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Proceedings Paper

Effects of stereoscopic presentation on visually induced motion sickness
Author(s): Hiroyasu Ujike; Hiroshi Watanabe
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Paper Abstract

The present study investigates whether VIMS, which can be induced in 2D images, is affected by stereoscopic presentation. To do this, we conducted an experiment to measure the effects psychologically and physiologically. Visual stimulus was computer graphics that simulates traveling along streets with additional pitch and roll motion for 10 minutes. The stimulus were presented as either stereoscopic, "3D", images or "2D" images. Before/after and during each trial, psychological and physiological measurements for biomedical effects were conducted. As results, psychological measurements indicate effects of stereoscopic presentations on VIMS. First, subjective score of comfort level measured every one minute significantly decreased to uncomfortable level in the 3D than in the 2D condition. Second, subscore of "Nausea" of Simulator Sickness Questionnaire significantly higher in the 3D than in the 2D condition, while the other subscores and the total score also showed the similar tendency. Moreover, physiological measurements also indicate effects of 3D presentations on VIMS. The LF/HF ratio, which is the index of sympathetic nerve activity, clearly increased more in the 3D than in the 2D condition. We conclude that stereoscopic presentation enhances biomedical effects of VIMS. We speculate that stereoscopic images can be efficient reference of spatial orientation.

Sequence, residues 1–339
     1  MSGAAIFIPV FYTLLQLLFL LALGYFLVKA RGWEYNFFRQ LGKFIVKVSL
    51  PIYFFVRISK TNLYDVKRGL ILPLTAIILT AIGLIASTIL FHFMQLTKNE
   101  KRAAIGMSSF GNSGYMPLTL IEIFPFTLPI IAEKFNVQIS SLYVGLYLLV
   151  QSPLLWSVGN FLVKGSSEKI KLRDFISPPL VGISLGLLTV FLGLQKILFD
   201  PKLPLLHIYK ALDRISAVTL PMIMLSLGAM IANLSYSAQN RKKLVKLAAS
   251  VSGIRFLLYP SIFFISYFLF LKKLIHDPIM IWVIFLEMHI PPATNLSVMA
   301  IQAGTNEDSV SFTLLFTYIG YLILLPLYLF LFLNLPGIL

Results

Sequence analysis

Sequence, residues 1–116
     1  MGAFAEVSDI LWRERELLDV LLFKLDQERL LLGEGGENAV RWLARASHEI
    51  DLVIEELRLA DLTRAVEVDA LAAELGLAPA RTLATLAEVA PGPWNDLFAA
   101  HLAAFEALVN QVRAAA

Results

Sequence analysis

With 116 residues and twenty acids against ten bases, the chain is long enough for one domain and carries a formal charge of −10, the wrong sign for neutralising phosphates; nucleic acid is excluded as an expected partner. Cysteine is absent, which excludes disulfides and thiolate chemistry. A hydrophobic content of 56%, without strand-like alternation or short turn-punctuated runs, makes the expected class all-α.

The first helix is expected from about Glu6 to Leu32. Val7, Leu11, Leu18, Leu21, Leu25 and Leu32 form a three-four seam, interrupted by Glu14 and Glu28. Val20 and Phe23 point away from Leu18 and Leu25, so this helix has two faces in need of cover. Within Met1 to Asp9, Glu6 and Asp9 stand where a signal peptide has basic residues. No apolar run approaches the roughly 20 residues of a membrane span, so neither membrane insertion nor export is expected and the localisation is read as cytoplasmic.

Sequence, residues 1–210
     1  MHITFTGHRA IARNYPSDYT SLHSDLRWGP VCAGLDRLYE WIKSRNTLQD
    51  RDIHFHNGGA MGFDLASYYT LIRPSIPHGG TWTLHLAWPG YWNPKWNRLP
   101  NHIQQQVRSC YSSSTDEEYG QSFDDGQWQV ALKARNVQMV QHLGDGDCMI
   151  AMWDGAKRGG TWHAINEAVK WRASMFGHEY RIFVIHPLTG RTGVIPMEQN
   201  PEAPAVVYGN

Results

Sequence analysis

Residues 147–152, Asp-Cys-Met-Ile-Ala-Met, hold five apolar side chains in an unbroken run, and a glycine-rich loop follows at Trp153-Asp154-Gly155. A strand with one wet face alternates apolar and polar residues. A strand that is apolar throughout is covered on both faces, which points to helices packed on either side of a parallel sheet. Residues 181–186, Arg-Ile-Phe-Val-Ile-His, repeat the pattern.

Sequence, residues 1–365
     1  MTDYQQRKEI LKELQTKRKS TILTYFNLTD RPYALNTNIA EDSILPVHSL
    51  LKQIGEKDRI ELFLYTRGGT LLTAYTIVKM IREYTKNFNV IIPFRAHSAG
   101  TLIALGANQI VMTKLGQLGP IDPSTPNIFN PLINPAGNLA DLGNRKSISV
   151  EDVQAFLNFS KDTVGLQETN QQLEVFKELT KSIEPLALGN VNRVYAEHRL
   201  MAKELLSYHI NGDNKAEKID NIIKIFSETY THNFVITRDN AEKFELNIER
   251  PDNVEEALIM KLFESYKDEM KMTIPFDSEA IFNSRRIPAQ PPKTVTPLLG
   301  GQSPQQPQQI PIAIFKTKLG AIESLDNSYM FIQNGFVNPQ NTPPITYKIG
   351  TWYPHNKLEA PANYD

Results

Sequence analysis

Paper Details

Date Published: 15 February 2011
PDF: 6 pages
Proc. SPIE 7863, Stereoscopic Displays and Applications XXII, 786314 (15 February 2011); doi: 10.1117/12.873500
Show Author Affiliations
Hiroyasu Ujike, National Institute of Advanced Industrial Science and Technology (Japan)
Hiroshi Watanabe, National Institute of Advanced Industrial Science and Technology (Japan)


Published in SPIE Proceedings Vol. 7863:
Stereoscopic Displays and Applications XXII
Andrew J. Woods; Nicolas S. Holliman; Neil A. Dodgson, Editor(s)

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